Ragged Clown

It's just a shadow you're seeing that he's chasing…


How long have I got?

When you are diagnosed with terminal cancer, the first thing that pops into your head is “How long have I got?”

If it’s only a short time, like a few months, you make plans for your family, get your will and power of attorney done and try to make the most of the time left.

If you have many years to go, you probably make different plans. Maybe you think about early retirement and go live by the sea with your philosophy books and a constant supply of real ale. Or maybe you make a bucket list and go see some elephants in Africa or drive a muscle car in Death Valley.

But what should you do if you don’t know how long you have? Maybe you just carry on with your everyday life. Maybe you write some code, do your shopping and walk to the pub in the evening.

Philosophy student on chemo

When I was diagnosed with a brain tumour, I was determined not to ask for a prognosis and was ready to take whatever fate had in store for me. I have had three people close to me who died of the same tumour that I have and they all died quite quickly so I assumed that I would too.

Neurosurgeons and oncologists can’t really predict how long you are going to live. All they can do is look at the history of people about your age with a similar tumour of a similar size. Then they take a kind of average and add a few months for good luck.

A Kaplan-Meier Curve.
If you are 60 with a low-grade glioma, you have a 50% chance of surviving two-ish years. If you are 59, it’s more like ten-ish years — unless your tumour is anaplastic or in more than three lobes or an oligodendroglioma or in a scary bit of your brain.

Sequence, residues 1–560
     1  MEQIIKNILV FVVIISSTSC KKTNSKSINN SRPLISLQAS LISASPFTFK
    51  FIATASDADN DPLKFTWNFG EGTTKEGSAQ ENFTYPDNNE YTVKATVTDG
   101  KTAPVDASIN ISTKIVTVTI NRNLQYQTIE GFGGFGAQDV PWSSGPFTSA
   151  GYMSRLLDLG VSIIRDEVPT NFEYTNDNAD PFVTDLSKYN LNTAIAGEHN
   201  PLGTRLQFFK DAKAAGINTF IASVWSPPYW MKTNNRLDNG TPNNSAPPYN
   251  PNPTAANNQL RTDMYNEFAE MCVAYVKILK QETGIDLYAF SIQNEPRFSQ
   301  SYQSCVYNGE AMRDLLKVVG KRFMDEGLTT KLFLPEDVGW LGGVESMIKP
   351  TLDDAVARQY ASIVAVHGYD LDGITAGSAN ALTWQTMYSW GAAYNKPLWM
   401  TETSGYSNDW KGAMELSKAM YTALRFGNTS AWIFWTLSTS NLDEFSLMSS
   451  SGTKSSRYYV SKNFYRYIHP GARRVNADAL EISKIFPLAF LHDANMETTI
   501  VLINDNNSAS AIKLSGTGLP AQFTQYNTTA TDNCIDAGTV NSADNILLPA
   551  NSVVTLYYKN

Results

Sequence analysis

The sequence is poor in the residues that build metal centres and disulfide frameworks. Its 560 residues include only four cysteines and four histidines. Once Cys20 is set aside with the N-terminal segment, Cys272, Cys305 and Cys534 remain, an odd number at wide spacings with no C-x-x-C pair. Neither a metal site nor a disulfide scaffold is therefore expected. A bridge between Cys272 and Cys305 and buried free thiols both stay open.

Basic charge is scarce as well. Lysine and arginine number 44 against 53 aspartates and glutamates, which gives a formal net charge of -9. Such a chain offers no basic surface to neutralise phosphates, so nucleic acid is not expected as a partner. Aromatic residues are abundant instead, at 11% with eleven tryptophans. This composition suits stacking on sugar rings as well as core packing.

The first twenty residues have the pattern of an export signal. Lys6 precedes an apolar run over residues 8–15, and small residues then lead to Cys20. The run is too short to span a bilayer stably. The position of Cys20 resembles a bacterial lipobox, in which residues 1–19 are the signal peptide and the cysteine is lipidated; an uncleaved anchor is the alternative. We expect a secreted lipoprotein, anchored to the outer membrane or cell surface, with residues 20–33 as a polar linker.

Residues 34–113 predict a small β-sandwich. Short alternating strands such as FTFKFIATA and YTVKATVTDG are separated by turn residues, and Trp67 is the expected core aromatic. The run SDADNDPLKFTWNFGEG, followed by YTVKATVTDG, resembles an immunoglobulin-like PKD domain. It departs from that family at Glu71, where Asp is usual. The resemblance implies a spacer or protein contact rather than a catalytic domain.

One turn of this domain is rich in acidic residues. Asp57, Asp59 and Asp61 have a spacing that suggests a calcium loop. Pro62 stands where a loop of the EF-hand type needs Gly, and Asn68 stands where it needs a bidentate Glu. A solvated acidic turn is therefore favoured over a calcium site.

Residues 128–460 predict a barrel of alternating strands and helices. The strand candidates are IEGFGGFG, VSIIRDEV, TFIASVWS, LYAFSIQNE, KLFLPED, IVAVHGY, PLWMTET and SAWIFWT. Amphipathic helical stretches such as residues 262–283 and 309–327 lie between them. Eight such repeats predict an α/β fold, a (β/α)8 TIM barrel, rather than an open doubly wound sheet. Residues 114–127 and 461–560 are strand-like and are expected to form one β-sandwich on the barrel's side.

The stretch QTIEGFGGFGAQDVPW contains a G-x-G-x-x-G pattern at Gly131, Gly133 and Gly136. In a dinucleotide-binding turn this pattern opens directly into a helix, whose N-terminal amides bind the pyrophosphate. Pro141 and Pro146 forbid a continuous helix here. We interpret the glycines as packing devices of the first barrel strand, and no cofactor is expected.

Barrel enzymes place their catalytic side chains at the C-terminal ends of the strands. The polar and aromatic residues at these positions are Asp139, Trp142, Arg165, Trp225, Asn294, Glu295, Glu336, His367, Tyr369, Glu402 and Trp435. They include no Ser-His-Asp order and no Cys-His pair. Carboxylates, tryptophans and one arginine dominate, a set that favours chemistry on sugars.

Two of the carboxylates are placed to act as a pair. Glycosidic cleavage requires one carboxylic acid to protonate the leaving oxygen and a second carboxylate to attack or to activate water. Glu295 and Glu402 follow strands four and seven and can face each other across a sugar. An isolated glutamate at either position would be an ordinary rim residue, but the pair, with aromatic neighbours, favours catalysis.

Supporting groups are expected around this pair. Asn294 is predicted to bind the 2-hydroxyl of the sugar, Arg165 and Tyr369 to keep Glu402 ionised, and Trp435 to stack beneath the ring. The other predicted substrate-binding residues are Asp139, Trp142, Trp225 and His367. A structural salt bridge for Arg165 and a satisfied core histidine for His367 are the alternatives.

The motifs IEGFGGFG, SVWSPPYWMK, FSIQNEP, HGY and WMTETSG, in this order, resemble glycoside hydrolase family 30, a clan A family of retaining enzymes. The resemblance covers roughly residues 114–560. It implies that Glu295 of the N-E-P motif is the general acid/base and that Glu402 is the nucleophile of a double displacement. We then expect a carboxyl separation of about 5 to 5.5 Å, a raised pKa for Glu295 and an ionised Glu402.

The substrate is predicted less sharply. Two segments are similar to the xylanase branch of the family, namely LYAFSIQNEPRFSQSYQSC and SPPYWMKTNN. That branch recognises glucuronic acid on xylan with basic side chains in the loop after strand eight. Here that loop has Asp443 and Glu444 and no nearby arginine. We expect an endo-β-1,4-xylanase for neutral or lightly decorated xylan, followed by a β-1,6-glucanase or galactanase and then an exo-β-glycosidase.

In other words, it’s complicated.

Most people with a brain tumour join an online community and the first thing they tell you is “Whatever you do, don’t google your tumour.”

Their motivations are sincere — if you google, you’ll find bad news and most people don’t want to find bad news — but I think it’s terrible advice and said so on my blog. I think most people would rather know the news, even if it is bad news. Most people are going to google anyway and it’s better to tell them how to google than tell them not to google.

Your prognosis affects your treatment choices too.

Some people, if they don’t have long to live, will ask for extra chemo or some experimental treatment or have magnets put on their heads. Not me. I would rather go and sit on the pontoon with my little dog and watch the ducks on the harbour. If you have chosen extra treatment, that’s fine. Good for you. But it’s not for me.

No photo description available.
Watching the ducks with my little dog

What about a longer prognosis? If I have two years left, do I want to spend one of them puking? Will it make me live longer? Who knows? I’ve made it two years without chemo. If I’d had chemo would I make it to three? Or fifteen? Who knows?

Anyway. Here I am two years later, still going strong, and I wish I had asked for a prognosis back at the start. In fact, I plan to ask my oncologist when I see her in a couple of months. I’m still ready to face whatever comes along but I wish I had a bit more information to make some proper plans. If I have a long time left, I’d like to go live by the beach somewhere or maybe in the tropics. If I don’t have long, I’d rather not uproot my family. I’d rather make some plans and know that they’ll be OK.

Mdina — home to adventurers for 1,000 years.

In The Quiet American, the main character, Fowler, is approaching the end of his life and he settles down with a Vietnamese woman who prepares an opium pipe for him every evening. I would be down with that. Or with a Maltese woman buying me boozy milkshake at Fontanella in Mdina. As long as they serve real ale and I can bring my philosophy books, I’ll be OK.

Fowler and Phuong and an opium pipe

A pipe of opium, or the touch of a girl who might tell you she loves you.
And then, something happens, as you knew it would. And nothing can ever be the same again.

The Quiet American — Graham Greene